“When you think about it, the water’s clean, so you just need something to cover the bottom and sides of the bathtub,” she tells me. There’s another problem, though. Many hotel bathtubs, at least the ones worth spending time in, are much closer to hot tubs.
- They come with rocketing jets that massage your back, and melt away the pain of a long day.
- TikTok is filled with videos of water gurgling from these jets and turning brown, as well as guests taking matters into their own hands.
- Some have tried spraying the jets with cleaning solution before filling it up, while others have resorted to a more intense method.
Think of it as a bath bomb that cleans the tub instead of you: Guests are instead turning up the jets and adding a dishwasher tablet to the bath to clean their hotel tubs before using them. Margaret Bienert, 32, from Los Angeles, has never gone this far.
She’s a travel influencer, whose niche is adult-only hotels, and has stayed in some pretty spectacular looking hotel bathtubs—from one particularly intriguing champagne coupe tub to a plethora of heart-shaped tubs across the country. Recently, she posted a video encouraging others to overcome gross bathtubs,
She admits that at first when they started staying in these hotels and using the tubs she was more careful than she is today. In her experience as a hotel maid, she admits they barely spent any time cleaning the bathtubs. Bienert recalls one room she stayed in where the person before them must have had a spray on tan.
There was just a brown film when I turned the water on in the bath, and it reminded me of showering with spray on tanner,” she says. And yet despite these experiences, Bienert remains optimistic about hotel bathtubs. “We’re going to a lot of sexy hotels, where a lot of the tubs are seeing a lot of activity.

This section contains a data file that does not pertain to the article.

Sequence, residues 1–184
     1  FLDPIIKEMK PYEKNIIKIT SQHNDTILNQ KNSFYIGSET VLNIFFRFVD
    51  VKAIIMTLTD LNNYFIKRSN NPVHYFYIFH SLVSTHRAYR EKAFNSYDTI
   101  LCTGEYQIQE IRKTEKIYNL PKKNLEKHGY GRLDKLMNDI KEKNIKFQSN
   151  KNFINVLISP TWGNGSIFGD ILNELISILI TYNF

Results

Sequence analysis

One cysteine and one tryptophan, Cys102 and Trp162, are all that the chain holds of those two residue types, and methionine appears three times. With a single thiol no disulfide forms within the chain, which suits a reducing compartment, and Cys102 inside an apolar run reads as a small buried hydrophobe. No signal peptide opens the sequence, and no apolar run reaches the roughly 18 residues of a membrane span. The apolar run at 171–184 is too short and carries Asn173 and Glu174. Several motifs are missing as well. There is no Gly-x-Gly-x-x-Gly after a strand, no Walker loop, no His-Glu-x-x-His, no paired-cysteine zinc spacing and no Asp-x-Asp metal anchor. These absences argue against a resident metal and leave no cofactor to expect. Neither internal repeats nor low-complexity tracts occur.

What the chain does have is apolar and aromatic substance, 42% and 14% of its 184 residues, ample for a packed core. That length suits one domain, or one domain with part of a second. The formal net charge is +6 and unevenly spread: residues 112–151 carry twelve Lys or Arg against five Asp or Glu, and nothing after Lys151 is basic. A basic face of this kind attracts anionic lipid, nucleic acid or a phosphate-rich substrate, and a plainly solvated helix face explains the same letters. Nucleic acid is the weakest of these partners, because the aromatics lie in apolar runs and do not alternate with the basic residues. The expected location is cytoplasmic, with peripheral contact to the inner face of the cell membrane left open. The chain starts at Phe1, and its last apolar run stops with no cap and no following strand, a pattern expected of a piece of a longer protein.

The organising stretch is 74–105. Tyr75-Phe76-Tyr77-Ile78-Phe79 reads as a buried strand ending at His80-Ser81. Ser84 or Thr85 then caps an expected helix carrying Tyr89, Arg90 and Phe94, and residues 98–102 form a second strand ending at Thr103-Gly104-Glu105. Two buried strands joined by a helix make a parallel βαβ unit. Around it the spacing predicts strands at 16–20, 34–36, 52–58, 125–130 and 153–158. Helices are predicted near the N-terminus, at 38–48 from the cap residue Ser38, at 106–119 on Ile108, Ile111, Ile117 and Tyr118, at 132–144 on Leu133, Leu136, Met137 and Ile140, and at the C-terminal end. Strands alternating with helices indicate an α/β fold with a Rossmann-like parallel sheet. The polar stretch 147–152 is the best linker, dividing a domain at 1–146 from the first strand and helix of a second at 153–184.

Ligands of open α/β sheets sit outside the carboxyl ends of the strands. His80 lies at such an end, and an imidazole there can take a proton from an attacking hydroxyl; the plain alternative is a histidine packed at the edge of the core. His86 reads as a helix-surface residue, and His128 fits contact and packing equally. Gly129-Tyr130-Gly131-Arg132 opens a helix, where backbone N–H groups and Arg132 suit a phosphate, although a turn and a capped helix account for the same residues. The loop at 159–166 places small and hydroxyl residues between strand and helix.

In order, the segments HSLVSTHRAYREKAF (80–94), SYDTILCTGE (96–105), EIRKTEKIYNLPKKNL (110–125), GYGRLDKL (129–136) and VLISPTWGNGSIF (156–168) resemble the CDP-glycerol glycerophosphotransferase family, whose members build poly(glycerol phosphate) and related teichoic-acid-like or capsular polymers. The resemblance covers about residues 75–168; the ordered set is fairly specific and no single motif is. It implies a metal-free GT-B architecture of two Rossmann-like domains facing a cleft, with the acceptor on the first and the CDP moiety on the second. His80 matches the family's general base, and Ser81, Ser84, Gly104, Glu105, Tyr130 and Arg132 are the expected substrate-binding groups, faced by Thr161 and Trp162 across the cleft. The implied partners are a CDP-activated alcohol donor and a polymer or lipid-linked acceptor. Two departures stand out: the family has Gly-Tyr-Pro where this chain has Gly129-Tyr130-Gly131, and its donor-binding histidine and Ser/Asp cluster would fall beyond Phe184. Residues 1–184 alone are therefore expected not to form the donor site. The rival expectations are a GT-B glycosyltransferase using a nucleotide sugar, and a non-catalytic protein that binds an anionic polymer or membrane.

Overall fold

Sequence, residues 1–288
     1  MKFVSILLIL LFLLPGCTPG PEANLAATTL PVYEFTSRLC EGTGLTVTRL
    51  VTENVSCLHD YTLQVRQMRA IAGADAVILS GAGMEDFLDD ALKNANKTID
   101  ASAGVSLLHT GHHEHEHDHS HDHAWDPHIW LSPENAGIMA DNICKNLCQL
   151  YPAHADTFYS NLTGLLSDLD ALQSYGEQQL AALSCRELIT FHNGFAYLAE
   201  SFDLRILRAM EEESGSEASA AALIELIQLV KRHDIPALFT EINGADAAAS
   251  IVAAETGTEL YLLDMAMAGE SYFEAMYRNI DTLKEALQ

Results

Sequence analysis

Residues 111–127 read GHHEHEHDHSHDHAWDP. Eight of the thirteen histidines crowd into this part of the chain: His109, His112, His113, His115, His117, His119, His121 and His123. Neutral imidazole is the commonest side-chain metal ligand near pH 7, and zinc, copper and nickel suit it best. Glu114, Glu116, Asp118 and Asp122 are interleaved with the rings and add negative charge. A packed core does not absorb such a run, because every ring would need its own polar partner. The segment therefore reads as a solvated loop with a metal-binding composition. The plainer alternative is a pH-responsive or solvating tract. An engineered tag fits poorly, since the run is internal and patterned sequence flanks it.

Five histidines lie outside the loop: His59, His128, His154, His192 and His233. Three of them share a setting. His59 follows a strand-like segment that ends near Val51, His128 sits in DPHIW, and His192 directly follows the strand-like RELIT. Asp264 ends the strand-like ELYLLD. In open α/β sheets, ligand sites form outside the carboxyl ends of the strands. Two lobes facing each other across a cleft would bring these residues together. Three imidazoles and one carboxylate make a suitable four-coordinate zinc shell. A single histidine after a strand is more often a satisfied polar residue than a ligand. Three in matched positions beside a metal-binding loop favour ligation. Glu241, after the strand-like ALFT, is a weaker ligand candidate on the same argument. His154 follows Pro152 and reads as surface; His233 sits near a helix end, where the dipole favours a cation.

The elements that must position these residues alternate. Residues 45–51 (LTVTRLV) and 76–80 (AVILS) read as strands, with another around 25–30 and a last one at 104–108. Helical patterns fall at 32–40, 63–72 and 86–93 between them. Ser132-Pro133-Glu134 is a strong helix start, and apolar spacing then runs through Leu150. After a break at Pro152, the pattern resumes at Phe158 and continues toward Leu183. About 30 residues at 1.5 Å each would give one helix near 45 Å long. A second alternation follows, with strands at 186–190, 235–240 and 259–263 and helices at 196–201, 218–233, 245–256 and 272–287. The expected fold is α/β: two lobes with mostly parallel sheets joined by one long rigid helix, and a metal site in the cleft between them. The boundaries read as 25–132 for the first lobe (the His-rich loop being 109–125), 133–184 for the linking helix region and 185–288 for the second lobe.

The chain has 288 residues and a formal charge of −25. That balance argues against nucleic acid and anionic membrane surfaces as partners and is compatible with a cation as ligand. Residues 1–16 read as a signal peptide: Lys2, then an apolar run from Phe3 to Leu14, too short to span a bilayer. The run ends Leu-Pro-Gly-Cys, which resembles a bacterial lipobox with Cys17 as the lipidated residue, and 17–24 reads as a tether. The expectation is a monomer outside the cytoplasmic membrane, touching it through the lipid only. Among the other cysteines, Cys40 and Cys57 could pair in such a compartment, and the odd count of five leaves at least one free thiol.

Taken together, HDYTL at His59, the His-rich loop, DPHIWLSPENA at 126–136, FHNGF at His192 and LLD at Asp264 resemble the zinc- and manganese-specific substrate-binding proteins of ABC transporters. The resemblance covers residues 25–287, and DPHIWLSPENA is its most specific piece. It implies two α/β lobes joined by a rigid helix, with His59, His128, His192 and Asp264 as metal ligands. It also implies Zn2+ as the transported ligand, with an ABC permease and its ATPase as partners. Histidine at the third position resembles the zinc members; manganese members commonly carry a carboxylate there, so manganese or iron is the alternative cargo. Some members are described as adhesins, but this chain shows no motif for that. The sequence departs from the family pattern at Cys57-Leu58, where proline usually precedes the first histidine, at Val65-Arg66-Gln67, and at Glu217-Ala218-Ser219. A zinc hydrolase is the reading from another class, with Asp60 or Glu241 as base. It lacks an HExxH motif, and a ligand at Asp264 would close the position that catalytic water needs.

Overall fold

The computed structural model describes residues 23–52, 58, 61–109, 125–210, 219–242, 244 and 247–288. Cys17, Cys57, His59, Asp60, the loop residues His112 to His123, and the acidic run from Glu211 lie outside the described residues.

I asked a doctor how worried I should be about catching a disease,” she says. According to Bienert, the doctor said it would be “shocking” if that was how she contracted an STD. One study asserts that there is no harm in hotel bathtubs, even if they are gross.
- They just recommend not drinking the water.
- And experts agree here.
- Erica Hartmann, an Associate Professor in the Department of Civil and Environmental Engineering at Northwestern University told The Daily Beast, “When you first get into a hotel room, there are probably microbes left over from the last guest to stay there.
But the longer you’re in the room, the more the room’s microbes reflect your own.” Hartmann added that despite the fact that there are microbes despite regular cleaning, they likely aren’t worth worrying about too much: “The most important thing to remember is that the vast majority of microbes will not make you sick,” she said.
Are bathtubs in hotels safe?